Wind and rain can’t stop dozens from welcoming the new year with Polar Bear Plunge in La Jolla

Swimmers wade into the cold waves to take the New Year's Polar Bear Plunge at La Jolla Shores on Jan. 1.
(K.C. Alfred / The San Diego Union-Tribune)

The La Jolla Cove Swim Club canceled the official event because of weather, but many hearty swimmers showed up to La Jolla Shores anyway.

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New Year’s Day morning brought gray skies and choppy waves to La Jolla Shores, along with a few dozen people who braved the wind and rain to take the annual Polar Bear Plunge.

Some shivered in the cold as they shed layers of clothing, then trotted into the ocean. The water was 57 degrees Jan. 1 and the surf reached 4 to 5 feet, according to San Diego lifeguards.

“This is not what it was like yesterday,” Sue Parnes said as she looked out at the waves. She said she had gone for a swim a day earlier when the water was much calmer.

“It was flat, like a lake,” Parnes said.

New Year’s Day was different. “The sea is angry,” she said with a chuckle.

Julie Cairelli and Gretchen Pound return from the ocean wrapped in kelp after going for a dip New Year's Day in La Jolla.
Julie Cairelli and Gretchen Pound return from the ocean wrapped in kelp after going for a dip New Year’s Day in La Jolla.
(K.C. Alfred / The San Diego Union-Tribune)

Which raises the question: Why would anyone do this?

“It’s a tradition,” Parnes said. “It’s invigorating. It feels like a fresh way to start the year.”

Her husband, Bill Hartwell, said he’s been dipping into the ocean on Jan. 1 for about 20 years. This time he had his swim clothes at the ready but hadn’t yet decided whether to take the plunge.

“If I go in, it’ll be just to get my hair wet,” he said.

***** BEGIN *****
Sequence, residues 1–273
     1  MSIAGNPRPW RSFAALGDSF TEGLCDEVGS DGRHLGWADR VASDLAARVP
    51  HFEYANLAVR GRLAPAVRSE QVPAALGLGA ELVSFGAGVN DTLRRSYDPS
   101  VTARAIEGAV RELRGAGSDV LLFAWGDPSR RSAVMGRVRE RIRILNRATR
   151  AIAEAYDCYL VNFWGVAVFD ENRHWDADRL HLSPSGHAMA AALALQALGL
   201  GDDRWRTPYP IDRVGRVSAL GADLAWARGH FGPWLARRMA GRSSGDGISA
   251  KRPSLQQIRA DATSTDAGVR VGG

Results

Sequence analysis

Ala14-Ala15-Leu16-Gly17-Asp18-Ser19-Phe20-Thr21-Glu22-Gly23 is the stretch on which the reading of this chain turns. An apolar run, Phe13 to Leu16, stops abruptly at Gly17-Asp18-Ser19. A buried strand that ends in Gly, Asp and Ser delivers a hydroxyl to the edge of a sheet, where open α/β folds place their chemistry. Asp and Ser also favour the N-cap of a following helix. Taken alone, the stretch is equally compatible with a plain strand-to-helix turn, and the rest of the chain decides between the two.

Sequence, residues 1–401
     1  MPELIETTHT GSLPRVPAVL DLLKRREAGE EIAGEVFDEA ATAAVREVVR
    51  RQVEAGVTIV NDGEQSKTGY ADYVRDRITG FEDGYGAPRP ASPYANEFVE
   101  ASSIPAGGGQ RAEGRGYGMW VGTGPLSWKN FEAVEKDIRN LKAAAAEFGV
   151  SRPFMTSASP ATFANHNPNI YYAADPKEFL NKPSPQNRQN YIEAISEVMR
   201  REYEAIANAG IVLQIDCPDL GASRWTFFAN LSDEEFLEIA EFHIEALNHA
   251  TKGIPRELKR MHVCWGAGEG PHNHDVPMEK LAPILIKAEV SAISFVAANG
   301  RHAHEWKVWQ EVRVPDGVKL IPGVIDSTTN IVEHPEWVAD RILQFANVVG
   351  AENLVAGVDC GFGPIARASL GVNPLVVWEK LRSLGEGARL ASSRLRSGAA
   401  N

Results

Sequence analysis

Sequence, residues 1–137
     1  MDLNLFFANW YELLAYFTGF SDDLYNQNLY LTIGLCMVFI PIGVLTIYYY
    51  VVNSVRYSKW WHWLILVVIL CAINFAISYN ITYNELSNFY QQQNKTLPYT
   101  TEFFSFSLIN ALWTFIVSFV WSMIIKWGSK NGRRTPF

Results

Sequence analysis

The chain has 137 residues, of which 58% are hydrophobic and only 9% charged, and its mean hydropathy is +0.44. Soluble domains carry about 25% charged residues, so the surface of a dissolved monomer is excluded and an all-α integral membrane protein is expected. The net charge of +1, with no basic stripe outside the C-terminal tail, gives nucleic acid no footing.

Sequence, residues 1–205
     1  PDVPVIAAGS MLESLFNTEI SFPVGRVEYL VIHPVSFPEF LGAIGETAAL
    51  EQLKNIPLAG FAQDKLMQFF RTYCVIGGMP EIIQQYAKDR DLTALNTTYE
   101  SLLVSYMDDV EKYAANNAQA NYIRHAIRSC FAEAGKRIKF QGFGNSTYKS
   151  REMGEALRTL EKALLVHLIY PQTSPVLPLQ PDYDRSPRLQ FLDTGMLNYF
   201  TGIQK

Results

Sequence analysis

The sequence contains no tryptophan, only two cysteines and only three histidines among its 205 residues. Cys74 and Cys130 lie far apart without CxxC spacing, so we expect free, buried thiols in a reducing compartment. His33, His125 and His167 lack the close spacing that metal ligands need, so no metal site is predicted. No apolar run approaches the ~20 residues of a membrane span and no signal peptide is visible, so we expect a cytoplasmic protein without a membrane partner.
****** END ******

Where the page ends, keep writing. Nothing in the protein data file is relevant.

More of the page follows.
Parnes and Hartwell, both avid ocean swimmers, are members of the La Jolla Cove Swim Club, which often presents the annual New Year’s Polar Bear Plunge. This year though, the group canceled the official event because of the weather. But people showed up anyway. Some were members of the swim club and others were from organizations such as the Triathlon Club of San Diego and One With the Ocean.

“It’s peer pressure,” said Cassie Berta, who was toweling off after a dip in the waves. “When you join a community like this, you want to do these crazy things together.”

Some swimmers noted that even though they were at the beach for a lighthearted good time, safety was key.

“You can just tell by the way the waves are [that] the undertow is super strong,” said Gabe Wu.

Mike Strickland holds his daughter Emily during the New Year's Polar Bear Plunge at La Jolla Shores.
Mike Strickland holds his daughter Emily while walking in the ocean during the New Year’s Polar Bear Plunge at La Jolla Shores.
(K.C. Alfred / The San Diego Union-Tribune)

Ruth Shelton said many of the people who gathered were accustomed to swimming together and looking out for one another in the ocean.

“We spend all year putting each other’s lives into our hands,” Shelton said. “Ocean swimming has risks. ... We’re swimming together, trusting each other to have our backs.”

This year’s gathering was small compared with Jan. 1, 2022, when more than 200 people showed up in La Jolla to take the plunge.

“It’s a tradition. It’s invigorating. It feels like a fresh way to start the year.”

— Sue Parnes

Some swimmers, like Patty and Bob Magaudda, dressed for the occasion this year in fuzzy polar bear-themed hats with long flaps at the sides that hung like paws. Others, including children and adults, donned onesie outfits adorned with giraffe prints or unicorn horns.

“It’s like a palate-cleansing for the year,” said Karen McCord, who was among a group of San Diegans who said they had been swimming together — including taking the Polar Bear Plunge — for more than a decade.

Standing nearby, Nancy Nowak described the morning’s experience as chilly, refreshing, invigorating — “all the good adjectives.”

“Embrace the Popsicle toes,” she said.

Many who emerged from the water headed straight for their vehicles as soon as they dried off. But some huddled together on the grass at Kellogg Park for warm beverages, hot chili and lively conversation by the beach.

As they did so, the question of why they would subject themselves to the cold, wet elements on a dreary New Year’s Day seemed to become less and less important.

The answer, perhaps, was in another question:

Why not? ◆